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Rae & Christian “Mercury Rising” – Album Review

Late Night Tales (2013)

Founders of the now-defunct Grand Central Records label that briefly made Manchester the hub of the UK urban scene, Rae & Christian now return from a twelve-year hiatus with their third album, Mercury Rising.

As with their Mercury Prize-nominated 1998 debut, Northern Sulphuric Soul, and 2001 follow-up Sleepwalking, the new album’s twelve tracks are laden with both established and emerging guest artists, lending the record a similar feel to the artist-curated compilations for which the Late Night Tales label has become renowned.

While the playful Blaxploitation-inspired Jazzy Jeff collaboration “Check The Technique” and the vocodered hip-hop funk of “A28” hark back to their Northern rap roots, Rae & Christian appear far more interested in tackling unchartered territory than restoring former glories.  Indeed, after kicking off with “Happy,” an impossibly cheerful slice of blue-eyed soul pop featuring Foster The People frontman Mark Foster, Mercury Rising’s sound very rarely sits still. Most notably, “1975,” a tale of redemption lost on the German underground fronted by ex-Tunng vocalist Diagrams, effortlessly shifts from percussive tech-house to breezy acoustic folk. Likewise, the instrumental title track incorporates dub wobbles, trippy chillwave and orchestral post-rock to produce a stunning cinematic finale.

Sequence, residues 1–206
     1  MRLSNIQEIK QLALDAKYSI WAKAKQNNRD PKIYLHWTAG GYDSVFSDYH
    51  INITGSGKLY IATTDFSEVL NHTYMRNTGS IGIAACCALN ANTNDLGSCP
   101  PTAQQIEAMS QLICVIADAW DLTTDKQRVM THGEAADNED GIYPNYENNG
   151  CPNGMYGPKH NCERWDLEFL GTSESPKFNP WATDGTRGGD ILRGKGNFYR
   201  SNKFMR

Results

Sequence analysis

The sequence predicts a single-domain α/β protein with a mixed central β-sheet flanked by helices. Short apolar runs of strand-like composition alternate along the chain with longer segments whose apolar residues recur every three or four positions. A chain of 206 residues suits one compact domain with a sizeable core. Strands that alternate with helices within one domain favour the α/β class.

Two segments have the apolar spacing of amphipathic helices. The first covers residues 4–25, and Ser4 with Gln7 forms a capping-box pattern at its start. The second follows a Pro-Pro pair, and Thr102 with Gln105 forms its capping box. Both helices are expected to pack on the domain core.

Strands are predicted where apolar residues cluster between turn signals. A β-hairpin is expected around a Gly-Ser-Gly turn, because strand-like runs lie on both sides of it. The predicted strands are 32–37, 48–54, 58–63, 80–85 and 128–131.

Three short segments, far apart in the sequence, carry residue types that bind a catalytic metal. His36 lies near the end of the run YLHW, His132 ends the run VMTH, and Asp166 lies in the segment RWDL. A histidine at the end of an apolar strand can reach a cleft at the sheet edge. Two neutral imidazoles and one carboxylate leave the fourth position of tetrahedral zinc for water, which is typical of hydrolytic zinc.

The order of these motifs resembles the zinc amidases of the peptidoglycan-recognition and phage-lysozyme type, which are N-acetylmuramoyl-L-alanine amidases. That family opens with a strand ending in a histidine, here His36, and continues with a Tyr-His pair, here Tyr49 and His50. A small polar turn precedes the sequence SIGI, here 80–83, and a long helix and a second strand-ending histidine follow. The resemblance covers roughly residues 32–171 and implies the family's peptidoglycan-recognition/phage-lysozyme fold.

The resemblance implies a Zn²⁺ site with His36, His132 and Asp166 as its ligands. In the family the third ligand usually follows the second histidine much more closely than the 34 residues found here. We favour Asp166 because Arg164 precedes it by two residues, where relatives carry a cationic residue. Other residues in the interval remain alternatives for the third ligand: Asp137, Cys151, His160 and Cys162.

Elsewhere, under-rated troubadour Ed Harcourt lends his melancholic tones to the washed-out synths and laid-back loungey beats of “The Ballad Of Roza Shanina.” His wife Gita Langley is similarly impressive on the lush folktronica of “Still Here,” while Jake Emlyn, the intriguing androgynous figure who describes himself as the ‘Cockney Willy Wonka,’ showcases his potential on the bouncy electro-funk of “Favourite Game.”

Fans of Rae & Christian’s earlier work may be slightly perplexed at the mish-mash of sounds on offer, while with half the tracks clocking in over the five-minute mark, Mercury Rising occasionally borders on the self-indulgent. But overall, it’s an impressive comeback which deserves to put the duo back on the map.

4 / 5 stars     

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About the Author


Jon O'Brien's love of music began as a six-year-old after becoming bizarrely transfixed with the 80s poodle rock of Heart, Europe and Def Leppard. Switching his attention to pop icon Michael Jackson, he then became addicted to the UK Top 40, becoming a rather pointless walking Wikipedia of chart positions in the process. Driving his poor neighbors up the wall while learning to play the drums as a teen, he toyed with the idea of becoming a musician, but in studying Journalism at the University of Central Lancashire, he realized heÕd rather write about music than perform it. Since then, he's written thousands of reviews and biographies on everything from bubblegum pop to death metal, but electronica remains his main passion, with everything from Aphex Twin to Zero 7 in his spare room-consuming record collection. Jon resides in northwest England near Liverpool.

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Posted in: Album Reviews, Electronic Music


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